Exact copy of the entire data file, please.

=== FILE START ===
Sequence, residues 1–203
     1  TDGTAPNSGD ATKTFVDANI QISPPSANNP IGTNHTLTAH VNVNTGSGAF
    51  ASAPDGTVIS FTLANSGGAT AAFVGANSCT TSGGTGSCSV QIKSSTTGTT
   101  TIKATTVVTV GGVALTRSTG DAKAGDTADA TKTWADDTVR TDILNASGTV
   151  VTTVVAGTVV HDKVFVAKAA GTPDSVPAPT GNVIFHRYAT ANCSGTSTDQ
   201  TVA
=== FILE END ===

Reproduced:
Sequence, residues 1–203
     1  TDGTAPNSGD ATKTFVDANI QISPPSANNP IGTNHTLTAH VNVNTGSGAF
    51  ASAPDGTVIS FTLANSGGAT AAFVGANSCT TSGGTGSCSV QIKSSTTGTT
   101  TIKATTVVTV GGVALTRSTG DAKAGDTADA TKTWADDTVR TDILNASGTV
   151  VTTVVAGTVV HDKVFVAKAA GTPDSVPAPT GNVIFHRYAT ANCSGTSTDQ
   201  TVA